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SELECTBIO Conferences Extracellular Vesicles (EVs) & Nanoparticles 2024: Diagnostics, Delivery, Therapeutics

Steve Soper's Biography

Steve Soper, Foundation Distinguished Professor, Director, Center of BioModular Multi-Scale System for Precision Medicine, The University of Kansas

Prof. Soper is currently a Foundation Distinguished Professor in Chemistry and Mechanical Engineering at the University of Kansas, Lawrence. Prof. Soper also holds an appointment at Ulsan National Institute of Science and Technology in Ulsan, South Korea, where he is a World Class University Professor. He is also serving as a Science Advisor for a number of major worldwide companies. Prof. Soper is currently on the Editorial Board for Scientific Reports and Journal of Micro- and Nanosystems.

As a result of his efforts, Prof. Soper has secured extramural funding totaling >$103M and has published over 265 peer-reviewed manuscripts (h index = 71) and is the author of 20 patents. He is also the founder of a startup company, BioFluidica, which is marketing devices for the isolation and enumeration of circulating tumor cells. His list of awards includes Chemical Instrumentation by the American Chemical Society, the Benedetti-Pichler Award for Microchemistry, Fellow of the AAAS, Fellow of Applied Spectroscopy, Fellow of the Royal Society of Chemistry, R&D 100 Award, Distinguished Masters Award at LSU and Outstanding Scientist/Engineer in the state of Louisiana in 2001. Finally, Prof. Soper has granted 60 PhDs and 6 MS degrees to students under his mentorship. He currently heads a group of 20 researchers.

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Determining Critical Quality Attributes (CQAs) of Adeno-Associated Virus Gene Therapies using Resistive Pulse Sensing

Wednesday, 3 April 2024 at 16:00

Add to Calendar ▼2024-04-03 16:00:002024-04-03 17:00:00Europe/LondonDetermining Critical Quality Attributes (CQAs) of Adeno-Associated Virus Gene Therapies using Resistive Pulse SensingExtracellular Vesicles (EVs) and Nanoparticles 2024: Diagnostics, Delivery, Therapeutics in Miami, FloridaMiami,

Adeno-associated virus (AAV) vectors have been used to successfully introduce therapeutic gene fragments (i.e., gene therapy) into host cells and thus offer a significant tool for combating diseases that are unaffected by conventional drug therapy. This has led to a significant number of new clinical trials involving AAVs. However, broad application of AAV gene therapy across potential disease targets is hampered by a lack in definition of critical quality attributes (CQAs), analytics to measure CQAs, development of universal customizable vector cassettes, and affordable manufacturing methods. Presently, one of the most significant production and quality control issues facing AAV manufacturing is the presence of non-transducing viral particles (including empty particles) in the final vector preparation. Not only does this introduce errors and inconsistencies in the identification of actual titer delivered to the patient, but it also results in decreased infectivity of the dose due to increased host immune response to the defective virions. The issue of empty capsids is considered one of the top five major concerns in the production of AAVs today. The establishment of quantifiable traits at various points in the production process along with suitable analytical techniques are needed. Techniques to determine the full-to-empty capsid ratio include transmission electron microscopy (TEM) and analytical ultracentrifugation. Unfortunately, these techniques are fraught with challenges. There have also been a number of different chromatographic techniques to determine the full-to-empty ratio, but are challenged by inter-laboratory variability. All of the aforementioned techniques are batch-type processes and thus, cannot do real-time reporting to optimize the manufacturing process in-line. In this presentation, we will discuss the use of synthetic nanopore-based sensors capable of detecting and characterizing AAVs. Specifically, we will discuss the use of nanopore technology to detect capsids, characterize capsids as either full or empty, and to analyze capsids to determine if they contain full-length or foreshortened gene fragments. The sensors consist of dual in-plane nanopores that flank either end of a nano-column from which one can deduce the electrophoretic mobility of the target nanoparticle. We will show that empty and full capsids possess different mobilities and with the use of resistive pulse sensing (RPS) and machine learning, we can classify the particles as either full or empty quantitatively in near real-time.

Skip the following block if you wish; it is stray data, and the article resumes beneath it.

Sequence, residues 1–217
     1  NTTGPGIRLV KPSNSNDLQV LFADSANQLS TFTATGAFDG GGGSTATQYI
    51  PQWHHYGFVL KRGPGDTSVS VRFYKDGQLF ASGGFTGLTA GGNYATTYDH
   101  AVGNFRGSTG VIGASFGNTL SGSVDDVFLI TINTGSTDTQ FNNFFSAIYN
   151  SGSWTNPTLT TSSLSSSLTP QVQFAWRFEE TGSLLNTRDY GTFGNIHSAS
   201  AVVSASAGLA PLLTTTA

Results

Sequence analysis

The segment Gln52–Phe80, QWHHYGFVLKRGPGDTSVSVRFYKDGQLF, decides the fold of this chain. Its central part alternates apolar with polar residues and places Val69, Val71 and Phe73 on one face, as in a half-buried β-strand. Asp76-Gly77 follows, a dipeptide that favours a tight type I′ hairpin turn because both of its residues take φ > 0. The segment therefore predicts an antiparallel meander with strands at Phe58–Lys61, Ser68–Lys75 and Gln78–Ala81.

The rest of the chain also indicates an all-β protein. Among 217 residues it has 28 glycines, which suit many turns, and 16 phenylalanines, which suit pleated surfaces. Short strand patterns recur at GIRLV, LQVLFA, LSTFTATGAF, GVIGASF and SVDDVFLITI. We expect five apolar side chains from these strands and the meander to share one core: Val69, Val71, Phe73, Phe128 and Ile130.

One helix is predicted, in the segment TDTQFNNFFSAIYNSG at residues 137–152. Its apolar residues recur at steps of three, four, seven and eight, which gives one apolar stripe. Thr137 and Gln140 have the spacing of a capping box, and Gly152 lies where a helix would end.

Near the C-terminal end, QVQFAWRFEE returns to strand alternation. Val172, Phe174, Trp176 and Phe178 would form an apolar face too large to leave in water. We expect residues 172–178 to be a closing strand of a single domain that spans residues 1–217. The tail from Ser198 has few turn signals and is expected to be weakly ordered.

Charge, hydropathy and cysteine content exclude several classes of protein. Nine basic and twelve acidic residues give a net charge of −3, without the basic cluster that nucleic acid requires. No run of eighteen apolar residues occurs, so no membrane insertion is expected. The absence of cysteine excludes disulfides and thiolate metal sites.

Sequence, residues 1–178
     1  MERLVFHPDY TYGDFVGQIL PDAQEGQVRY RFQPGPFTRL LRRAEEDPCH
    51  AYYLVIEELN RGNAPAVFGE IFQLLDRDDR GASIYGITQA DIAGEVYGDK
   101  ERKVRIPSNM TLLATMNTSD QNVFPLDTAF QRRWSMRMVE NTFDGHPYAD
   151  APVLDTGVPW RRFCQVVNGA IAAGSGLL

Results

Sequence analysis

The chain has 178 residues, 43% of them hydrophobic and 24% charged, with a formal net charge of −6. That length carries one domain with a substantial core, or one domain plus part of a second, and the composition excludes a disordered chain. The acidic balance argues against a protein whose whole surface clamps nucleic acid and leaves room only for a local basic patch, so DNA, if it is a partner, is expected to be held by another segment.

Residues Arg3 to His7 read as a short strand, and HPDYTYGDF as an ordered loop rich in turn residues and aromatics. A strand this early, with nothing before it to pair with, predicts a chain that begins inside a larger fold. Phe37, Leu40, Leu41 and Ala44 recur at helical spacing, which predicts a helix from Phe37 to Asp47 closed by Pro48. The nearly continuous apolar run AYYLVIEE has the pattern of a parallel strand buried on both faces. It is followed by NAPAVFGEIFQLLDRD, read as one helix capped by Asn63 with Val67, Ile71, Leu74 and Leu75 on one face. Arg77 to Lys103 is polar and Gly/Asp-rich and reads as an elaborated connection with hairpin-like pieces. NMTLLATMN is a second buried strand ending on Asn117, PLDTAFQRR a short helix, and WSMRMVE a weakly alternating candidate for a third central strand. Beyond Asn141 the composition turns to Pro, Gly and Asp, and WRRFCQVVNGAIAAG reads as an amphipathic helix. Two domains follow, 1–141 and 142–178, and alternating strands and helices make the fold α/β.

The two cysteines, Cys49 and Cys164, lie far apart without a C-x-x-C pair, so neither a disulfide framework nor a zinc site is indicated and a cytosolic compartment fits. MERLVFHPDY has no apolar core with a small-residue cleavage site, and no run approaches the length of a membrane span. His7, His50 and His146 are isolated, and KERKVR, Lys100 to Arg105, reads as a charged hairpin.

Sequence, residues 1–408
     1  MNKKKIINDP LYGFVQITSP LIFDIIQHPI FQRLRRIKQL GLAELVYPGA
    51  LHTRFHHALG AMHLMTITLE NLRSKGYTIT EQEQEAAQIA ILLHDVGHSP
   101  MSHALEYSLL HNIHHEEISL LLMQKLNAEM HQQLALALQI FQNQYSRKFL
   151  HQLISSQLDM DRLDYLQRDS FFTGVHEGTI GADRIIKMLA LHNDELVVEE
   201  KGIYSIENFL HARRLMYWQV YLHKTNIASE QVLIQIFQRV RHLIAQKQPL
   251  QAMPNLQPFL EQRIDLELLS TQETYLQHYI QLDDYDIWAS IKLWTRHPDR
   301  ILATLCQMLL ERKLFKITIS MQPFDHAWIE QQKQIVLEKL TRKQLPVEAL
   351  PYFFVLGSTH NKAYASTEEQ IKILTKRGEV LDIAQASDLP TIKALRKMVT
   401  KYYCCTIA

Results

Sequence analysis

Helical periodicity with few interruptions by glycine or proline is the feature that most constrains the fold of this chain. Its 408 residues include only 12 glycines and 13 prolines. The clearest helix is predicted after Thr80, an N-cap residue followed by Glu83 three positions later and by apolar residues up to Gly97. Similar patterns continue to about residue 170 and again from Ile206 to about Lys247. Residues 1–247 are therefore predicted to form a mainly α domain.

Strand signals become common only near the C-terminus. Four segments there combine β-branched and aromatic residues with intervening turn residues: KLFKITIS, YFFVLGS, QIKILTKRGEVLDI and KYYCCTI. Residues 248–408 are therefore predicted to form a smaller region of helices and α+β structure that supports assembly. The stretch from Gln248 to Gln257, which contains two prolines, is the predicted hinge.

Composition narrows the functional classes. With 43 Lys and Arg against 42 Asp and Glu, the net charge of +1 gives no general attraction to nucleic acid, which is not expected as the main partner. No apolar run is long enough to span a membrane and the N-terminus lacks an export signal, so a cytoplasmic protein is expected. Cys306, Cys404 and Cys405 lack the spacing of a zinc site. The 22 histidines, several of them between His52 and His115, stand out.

Add to Calendar ▼2024-04-03 00:00:002024-04-04 00:00:00Europe/LondonExtracellular Vesicles (EVs) and Nanoparticles 2024: Diagnostics, Delivery, TherapeuticsExtracellular Vesicles (EVs) and Nanoparticles 2024: Diagnostics, Delivery, Therapeutics in Miami, FloridaMiami,